9. mklotz70

    mrbigtankers 521

    yep.....we know.....you love him long time. lol
  10. info from a discussion about the wedge back in 2014. https://ratsun.net/topic/41595-timing-chain-wedge/
  11. Not me, but someone else that has sent me a bunch of info and pics. I'll see if I have time this weekend to round it back up.
  12. In that case, I have some info for you. I've been meaning to get it put up on my site for months now. I guess I'll have to get that done soon. lol
  13. mklotz70

    mrbigtankers 521

    I like them from an aesthetics point of view, but certainly not in something I'm actually going to drive a lot. Although, I do have to make exception for the ones hidden behind the tail lights. There could be one on each side making them more useful. :)
  14. Your disdain for fender mirrors is one of the reasons I love you bud!! :) LOL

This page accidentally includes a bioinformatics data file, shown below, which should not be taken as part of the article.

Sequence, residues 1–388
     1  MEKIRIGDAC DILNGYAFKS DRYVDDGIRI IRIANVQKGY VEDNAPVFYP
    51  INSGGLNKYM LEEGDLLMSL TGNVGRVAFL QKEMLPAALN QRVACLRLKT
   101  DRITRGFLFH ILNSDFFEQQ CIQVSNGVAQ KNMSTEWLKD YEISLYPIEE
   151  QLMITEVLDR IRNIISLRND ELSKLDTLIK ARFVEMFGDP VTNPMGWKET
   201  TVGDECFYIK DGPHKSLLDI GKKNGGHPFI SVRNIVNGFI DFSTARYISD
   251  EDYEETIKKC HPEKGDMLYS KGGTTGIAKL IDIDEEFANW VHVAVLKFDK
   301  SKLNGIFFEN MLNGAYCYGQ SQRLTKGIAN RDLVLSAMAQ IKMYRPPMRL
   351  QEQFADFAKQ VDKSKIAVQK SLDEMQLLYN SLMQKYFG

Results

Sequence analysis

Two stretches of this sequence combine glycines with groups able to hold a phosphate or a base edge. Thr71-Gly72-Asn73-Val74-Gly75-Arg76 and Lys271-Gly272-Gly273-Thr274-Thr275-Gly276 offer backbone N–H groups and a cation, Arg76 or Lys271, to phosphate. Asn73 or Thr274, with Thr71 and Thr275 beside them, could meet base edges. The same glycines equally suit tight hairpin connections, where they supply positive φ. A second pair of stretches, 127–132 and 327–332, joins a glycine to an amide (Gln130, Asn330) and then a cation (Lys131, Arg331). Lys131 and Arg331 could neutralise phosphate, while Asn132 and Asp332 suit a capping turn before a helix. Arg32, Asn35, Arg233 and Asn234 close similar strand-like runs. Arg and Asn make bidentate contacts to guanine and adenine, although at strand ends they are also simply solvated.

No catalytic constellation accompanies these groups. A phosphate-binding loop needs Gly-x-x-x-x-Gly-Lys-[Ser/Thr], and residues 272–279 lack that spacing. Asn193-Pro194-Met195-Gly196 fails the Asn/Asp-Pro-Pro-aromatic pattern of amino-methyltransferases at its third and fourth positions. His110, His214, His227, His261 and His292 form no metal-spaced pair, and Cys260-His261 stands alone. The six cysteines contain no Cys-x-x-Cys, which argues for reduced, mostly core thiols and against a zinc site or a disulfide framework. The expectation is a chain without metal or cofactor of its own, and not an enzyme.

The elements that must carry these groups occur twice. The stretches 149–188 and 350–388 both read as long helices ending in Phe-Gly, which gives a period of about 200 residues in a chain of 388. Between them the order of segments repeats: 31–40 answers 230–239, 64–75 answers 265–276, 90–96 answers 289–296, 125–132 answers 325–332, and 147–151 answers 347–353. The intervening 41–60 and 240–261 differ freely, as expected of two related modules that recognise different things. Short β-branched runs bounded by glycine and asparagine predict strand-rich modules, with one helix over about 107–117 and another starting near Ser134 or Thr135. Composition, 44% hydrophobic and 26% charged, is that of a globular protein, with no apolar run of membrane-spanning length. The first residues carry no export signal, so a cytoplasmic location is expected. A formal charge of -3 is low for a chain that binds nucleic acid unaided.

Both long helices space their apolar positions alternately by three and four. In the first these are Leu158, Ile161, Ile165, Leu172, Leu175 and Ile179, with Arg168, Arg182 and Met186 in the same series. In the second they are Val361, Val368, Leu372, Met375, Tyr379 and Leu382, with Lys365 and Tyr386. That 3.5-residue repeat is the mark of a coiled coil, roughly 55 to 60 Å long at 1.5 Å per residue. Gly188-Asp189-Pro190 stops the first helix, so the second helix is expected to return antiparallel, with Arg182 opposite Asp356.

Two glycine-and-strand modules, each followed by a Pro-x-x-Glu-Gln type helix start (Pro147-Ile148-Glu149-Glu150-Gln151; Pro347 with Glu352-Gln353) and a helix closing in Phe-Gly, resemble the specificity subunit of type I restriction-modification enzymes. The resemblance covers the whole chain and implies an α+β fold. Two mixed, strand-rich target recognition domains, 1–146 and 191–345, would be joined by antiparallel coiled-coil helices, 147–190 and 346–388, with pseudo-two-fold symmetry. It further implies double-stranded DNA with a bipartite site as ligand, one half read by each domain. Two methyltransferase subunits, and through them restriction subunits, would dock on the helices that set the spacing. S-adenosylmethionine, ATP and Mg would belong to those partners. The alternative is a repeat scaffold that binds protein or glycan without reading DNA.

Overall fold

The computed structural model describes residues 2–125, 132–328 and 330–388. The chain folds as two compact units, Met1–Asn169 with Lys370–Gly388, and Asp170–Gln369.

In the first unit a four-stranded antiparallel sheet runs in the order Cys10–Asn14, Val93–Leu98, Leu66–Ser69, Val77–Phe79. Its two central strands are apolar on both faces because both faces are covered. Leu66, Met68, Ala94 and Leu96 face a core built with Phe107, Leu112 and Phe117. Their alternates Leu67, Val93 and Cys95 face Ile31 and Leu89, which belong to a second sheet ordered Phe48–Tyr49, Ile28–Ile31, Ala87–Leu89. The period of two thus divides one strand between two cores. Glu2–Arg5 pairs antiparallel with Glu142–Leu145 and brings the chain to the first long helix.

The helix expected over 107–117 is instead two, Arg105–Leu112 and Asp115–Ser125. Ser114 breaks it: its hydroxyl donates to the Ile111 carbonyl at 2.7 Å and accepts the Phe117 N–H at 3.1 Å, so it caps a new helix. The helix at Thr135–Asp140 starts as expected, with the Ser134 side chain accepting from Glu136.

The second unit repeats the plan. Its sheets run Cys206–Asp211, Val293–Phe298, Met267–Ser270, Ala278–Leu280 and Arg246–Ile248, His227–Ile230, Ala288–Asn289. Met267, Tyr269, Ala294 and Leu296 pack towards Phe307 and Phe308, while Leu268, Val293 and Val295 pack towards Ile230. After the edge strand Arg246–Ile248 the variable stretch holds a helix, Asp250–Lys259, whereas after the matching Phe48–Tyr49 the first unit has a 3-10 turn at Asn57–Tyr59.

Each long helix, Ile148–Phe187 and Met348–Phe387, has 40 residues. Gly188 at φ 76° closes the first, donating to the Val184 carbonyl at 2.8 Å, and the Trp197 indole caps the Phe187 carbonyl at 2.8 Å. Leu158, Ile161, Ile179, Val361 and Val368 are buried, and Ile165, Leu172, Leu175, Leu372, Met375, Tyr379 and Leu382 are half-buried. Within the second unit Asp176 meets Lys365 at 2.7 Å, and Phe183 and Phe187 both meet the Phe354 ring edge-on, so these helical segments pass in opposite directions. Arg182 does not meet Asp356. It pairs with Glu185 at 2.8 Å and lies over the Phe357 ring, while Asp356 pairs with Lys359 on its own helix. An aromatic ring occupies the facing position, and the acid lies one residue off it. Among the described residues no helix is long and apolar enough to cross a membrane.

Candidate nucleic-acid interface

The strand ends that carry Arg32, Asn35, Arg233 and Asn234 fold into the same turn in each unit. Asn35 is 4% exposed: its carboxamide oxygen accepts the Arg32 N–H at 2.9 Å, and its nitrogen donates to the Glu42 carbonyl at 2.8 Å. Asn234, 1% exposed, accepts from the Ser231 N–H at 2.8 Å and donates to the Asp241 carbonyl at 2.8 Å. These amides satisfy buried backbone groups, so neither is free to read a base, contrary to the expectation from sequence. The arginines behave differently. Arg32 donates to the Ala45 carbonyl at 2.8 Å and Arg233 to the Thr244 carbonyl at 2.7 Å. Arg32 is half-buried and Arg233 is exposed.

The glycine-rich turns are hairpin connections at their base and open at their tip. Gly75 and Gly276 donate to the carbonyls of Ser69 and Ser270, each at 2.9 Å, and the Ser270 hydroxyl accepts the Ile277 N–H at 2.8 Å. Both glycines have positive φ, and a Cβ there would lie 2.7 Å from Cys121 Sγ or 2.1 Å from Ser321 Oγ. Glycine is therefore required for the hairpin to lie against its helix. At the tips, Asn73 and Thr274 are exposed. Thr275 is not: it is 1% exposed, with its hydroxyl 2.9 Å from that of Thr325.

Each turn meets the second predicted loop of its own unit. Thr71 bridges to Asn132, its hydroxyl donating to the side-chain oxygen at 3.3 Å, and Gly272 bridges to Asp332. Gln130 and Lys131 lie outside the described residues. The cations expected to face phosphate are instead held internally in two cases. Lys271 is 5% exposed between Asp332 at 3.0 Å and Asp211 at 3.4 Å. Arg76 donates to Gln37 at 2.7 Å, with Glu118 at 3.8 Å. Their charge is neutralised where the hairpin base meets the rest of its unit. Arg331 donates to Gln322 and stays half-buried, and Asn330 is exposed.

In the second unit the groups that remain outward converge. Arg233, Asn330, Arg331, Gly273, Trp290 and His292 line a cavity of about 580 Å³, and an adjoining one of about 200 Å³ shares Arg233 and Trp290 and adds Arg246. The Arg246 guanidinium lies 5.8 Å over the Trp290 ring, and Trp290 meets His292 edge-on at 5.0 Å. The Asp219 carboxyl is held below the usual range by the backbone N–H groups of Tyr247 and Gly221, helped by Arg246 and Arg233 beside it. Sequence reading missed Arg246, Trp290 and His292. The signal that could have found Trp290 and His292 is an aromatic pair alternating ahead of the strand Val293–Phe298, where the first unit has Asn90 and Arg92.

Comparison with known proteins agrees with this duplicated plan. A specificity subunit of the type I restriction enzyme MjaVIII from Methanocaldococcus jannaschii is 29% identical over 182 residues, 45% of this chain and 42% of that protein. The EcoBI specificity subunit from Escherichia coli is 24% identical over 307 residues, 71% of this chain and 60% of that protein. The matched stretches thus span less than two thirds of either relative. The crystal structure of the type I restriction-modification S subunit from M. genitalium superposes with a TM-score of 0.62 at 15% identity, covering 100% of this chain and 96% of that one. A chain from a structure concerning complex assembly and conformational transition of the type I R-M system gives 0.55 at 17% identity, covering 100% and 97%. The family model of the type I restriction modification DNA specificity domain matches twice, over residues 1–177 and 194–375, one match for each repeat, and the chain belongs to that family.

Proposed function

15. There's several places online to download the manuals....but here's one place I know of off hand. lol http://www.bluehandsinc.com/manuals.html If you have a Weber carb, follow it's directions closely. The primary goal when adjusting the weber is to have the throttle closed as much as possible. If it's open, even slightly more than it should be, it will uncover the vac advance line. You'll get no change in the vac signal so you'll end up with no vac advance, which causes bad hesitation. You'll also want to make sure that you have the vac advance line disconnected and plugged while setting the carb and the timing. The factory Hitachi is a great carb as long as the bushings for the throttle shaft aren't worn out and leaking air. They're easier to tune and I've always gotten better throttle response from them.......but....the webers tend to be better for the highway and get better gas mileage. The manual should have a cold setting for the valve adjustment. Doing it hot is best, but if you're not familiar with it, you can set them cold. I did this vid a really long time ago....it might help give you an idea what you're in for on a valve adjustment. The dual points dizzy you have is not truly a dual points dizzy. The second set is only for emissions. A true dual point will use both points in parallel to handle higher current and the points will be exactly 180deg from each other so that they open/close at exactly the same time. Make sure that you adjust the primary set of points. The emissions set can be removed. The manual will explain when the second set it used.......third gear while decelerating.....or something like that. There are a couple of options out there instead of the EI dizzy.....although the matchbox EI dizzy is the best. Pertronix units are probably still around. You can use a GM HEI ingnition unit with your points and there's a version of the matchbox dizzy that has a remote igniter. As Mike explained earlier....the EI and points coils are different. The points coil actually has the resistance built in, but a lot more windings to give a hotter spark. The points dizzy has an external resistor so that it can be bypassed while the engine is cranking. The starter pulls the volts down a lot while turning, so the resistor is bypassed to help give a hotter spark when starting.